For those who thought the two great wars would be enough for mankind to handle, smaller but no less challenging conflicts continued with the Irish Guards involved in operations in Palestine, Egypt, Cyprus, Libya and other places. But, in this section, there are also shots showing soldiers relaxing and enjoying relative peace, getting stuck into sports days, for example. The most important Royal occasion, though, was as the coronation of Queen Elizabeth II. The Irish Guards stood tall and proud outside the gates of Buckingham Palace, emphasising how important a regiment they were to have received such a prestigious role. This was also the time period that marked the 50th anniversary of the formation of the Irish Guards. St Patrick’s Day was a bit special in 1950!
1966-1985 End of Empire:
Apart from the odd photograph up to this point, we have had little colour but now things change. The Irish Guards played a part in operations in Malaysia, Aden, Rhodesia, Ghana and elsewhere, and even, back in the UK, they were heavily involved in firefighting during a national firemen’s strike (Operation Burberry) and on standby for London flooding (Operation Giraffe). The photographs here are varied with many images of the work overseas as well as several examples of the Royal family’s strong connections to the regiment.
1986-1999 End of the Century:
The Irish Guards were in Berlin in 1990 when the wall came down. They were in Northern Ireland, Belize, the Balkans, the Falkland Islands and Hong Kong. The major operational posting was to support the relief efforts in Kosovo. Up to now, I have failed to mention the Irish wolfhounds, such amazing mascots, and there is a brilliant photograph of Malachy on his hind legs standing taller than Drummer Coates. Reflecting back to the stiff formality of very early photographs, there are many here in contrast that seem to be ad-lib, off-the-cuff, on-the-hoof shots, all a bit more human, if I can put it that way.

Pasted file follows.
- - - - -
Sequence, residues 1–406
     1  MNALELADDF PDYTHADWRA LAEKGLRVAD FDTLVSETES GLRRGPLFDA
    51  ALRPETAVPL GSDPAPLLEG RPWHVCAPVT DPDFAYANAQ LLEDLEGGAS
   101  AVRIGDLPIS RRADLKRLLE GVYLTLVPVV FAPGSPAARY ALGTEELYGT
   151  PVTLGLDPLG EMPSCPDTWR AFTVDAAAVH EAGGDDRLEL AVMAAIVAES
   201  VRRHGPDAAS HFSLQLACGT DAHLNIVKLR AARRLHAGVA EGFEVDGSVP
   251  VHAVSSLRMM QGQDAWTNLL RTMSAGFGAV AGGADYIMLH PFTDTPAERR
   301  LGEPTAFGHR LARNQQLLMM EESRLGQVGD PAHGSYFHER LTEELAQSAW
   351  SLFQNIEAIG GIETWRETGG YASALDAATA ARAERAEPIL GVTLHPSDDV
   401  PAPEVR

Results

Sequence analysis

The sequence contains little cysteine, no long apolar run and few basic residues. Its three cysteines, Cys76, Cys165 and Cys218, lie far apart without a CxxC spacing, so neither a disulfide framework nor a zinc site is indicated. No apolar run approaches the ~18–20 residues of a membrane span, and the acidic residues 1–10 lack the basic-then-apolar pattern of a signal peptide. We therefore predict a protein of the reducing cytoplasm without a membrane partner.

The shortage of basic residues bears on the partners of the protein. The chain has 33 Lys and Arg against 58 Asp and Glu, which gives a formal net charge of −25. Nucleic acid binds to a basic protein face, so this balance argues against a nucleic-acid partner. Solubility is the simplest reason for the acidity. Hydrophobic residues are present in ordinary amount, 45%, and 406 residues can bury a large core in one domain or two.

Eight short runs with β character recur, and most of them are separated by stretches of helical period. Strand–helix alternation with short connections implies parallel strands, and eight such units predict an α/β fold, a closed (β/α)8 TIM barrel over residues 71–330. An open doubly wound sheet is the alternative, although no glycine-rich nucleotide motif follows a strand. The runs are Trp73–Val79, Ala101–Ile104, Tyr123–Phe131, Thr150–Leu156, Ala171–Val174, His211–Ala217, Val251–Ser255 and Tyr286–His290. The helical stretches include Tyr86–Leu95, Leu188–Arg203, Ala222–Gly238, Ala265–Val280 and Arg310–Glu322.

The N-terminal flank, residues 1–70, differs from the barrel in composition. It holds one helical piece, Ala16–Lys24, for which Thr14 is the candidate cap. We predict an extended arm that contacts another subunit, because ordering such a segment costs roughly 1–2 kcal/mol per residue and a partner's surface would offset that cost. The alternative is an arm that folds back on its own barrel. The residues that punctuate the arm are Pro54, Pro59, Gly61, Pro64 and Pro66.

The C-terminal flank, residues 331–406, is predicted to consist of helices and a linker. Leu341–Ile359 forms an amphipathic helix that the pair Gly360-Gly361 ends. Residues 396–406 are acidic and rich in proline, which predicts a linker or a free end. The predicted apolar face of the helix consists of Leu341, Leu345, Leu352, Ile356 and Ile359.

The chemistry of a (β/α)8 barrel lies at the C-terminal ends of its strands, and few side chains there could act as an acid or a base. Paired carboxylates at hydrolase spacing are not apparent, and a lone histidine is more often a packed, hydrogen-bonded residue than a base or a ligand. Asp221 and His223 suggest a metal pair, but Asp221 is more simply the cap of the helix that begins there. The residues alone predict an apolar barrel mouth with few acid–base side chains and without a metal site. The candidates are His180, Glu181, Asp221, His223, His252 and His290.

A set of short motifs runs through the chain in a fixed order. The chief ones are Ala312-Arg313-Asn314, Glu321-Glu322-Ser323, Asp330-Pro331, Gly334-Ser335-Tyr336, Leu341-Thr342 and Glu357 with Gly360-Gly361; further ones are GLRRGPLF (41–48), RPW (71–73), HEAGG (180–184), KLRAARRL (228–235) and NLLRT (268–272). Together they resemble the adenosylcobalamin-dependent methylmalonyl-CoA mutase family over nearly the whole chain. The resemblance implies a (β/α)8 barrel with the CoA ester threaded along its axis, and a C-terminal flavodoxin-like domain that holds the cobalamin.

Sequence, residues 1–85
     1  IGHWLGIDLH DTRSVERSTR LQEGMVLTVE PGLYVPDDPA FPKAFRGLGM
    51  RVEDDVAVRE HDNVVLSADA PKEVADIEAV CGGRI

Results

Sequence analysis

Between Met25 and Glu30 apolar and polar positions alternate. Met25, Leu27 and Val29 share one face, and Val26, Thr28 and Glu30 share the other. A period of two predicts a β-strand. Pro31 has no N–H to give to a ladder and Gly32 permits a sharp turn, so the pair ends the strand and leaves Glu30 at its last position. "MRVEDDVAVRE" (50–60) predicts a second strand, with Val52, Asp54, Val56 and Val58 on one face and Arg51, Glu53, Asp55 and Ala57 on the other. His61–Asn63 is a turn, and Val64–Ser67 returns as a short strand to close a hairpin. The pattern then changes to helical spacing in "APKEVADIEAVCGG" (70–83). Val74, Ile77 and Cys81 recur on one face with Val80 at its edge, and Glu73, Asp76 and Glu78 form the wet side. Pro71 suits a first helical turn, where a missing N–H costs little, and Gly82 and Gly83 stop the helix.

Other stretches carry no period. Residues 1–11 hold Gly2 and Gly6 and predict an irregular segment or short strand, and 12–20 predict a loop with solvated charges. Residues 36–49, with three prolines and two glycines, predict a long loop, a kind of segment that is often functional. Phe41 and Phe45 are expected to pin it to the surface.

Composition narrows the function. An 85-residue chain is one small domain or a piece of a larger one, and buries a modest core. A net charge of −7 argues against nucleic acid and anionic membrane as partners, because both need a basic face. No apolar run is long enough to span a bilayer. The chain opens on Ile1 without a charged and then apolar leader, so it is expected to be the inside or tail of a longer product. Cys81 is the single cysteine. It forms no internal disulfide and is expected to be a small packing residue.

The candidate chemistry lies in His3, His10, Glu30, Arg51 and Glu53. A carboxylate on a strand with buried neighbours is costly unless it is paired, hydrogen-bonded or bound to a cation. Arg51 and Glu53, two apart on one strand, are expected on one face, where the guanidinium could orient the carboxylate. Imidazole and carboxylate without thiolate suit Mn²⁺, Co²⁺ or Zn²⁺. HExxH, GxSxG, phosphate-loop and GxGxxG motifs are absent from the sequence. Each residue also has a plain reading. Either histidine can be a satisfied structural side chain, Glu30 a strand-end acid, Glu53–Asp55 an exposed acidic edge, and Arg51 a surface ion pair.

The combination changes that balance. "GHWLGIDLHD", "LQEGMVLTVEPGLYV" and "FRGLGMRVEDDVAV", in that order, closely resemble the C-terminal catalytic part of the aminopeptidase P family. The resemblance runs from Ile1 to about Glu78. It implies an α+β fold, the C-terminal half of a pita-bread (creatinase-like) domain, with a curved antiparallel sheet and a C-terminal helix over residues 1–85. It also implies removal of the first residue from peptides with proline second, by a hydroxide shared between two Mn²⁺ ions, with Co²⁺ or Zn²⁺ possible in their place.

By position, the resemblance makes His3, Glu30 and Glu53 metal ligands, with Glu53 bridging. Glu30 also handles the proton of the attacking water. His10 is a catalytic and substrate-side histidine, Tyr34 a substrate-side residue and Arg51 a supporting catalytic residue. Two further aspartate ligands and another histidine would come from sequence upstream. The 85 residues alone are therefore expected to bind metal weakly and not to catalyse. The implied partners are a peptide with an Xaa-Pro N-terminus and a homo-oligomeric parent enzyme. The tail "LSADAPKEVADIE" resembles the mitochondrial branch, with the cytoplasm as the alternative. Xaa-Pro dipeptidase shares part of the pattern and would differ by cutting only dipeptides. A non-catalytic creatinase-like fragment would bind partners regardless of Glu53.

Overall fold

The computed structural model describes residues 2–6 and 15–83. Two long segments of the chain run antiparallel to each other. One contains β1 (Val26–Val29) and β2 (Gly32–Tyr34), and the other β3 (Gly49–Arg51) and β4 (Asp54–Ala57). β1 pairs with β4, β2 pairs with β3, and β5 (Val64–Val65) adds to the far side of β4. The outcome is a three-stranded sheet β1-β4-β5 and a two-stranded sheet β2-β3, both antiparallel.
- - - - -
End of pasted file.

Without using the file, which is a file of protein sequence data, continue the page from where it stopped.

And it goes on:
2000-2007 Into the New Millennium:
This was the era of the Queen’s Golden Jubilee, the Queen Mother’s death and the Iraq War. All three events, for various emotional reasons, are illustrated with that usual mixture of formal and informal shots. The joy and celebration of the Queen’s reign, the sadness of the Queen Mother’s funeral and the sight of young soldiers faced with enormous challenges in a vicious campaign. Perhaps, because this is more recent history, I found this selection of photographs more compelling than others.
2008-2016 Bearskins and Bayonets:
The main military mission at this time was in Afghanistan with all the horrors that that war entailed. You get camaraderie, spirit, pride and concern in various shots. One photograph, of LCpl Jacob Draper, judged as Best Cadet, reminds us how young some of these soldiers are. There is no age given but the youth in his face tells it all. There are more ceremonial duties back home not least the wedding of Prince William and Kate Middleton. William wore the Irish Guards uniform on the big day. A few months later, William became the Regiment’s 10th Colonel.
There is so much to absorb in this quite superb book. My comments above only scratch the surface and I will be returning to study favourite photographs and also to find others that I missed first time around. The appendices are magnificently detailed and include the Regiment’s honours, colours, Victoria Cross recipients, casualty numbers, Colonels of the Regiment and so on.
The book is a credit to the compilers, an education for readers and a monumental tribute to the Irish Guards. The contents will enlighten and amuse, amaze and inspire, and will also explain, via a huge variety of illustrations, the wide range of work that is done by the Irish Guards and other regiments - war and peacekeeping duties as well as ceremonial involvement.
Up The Micks! is a fine salute to the Irish Guards.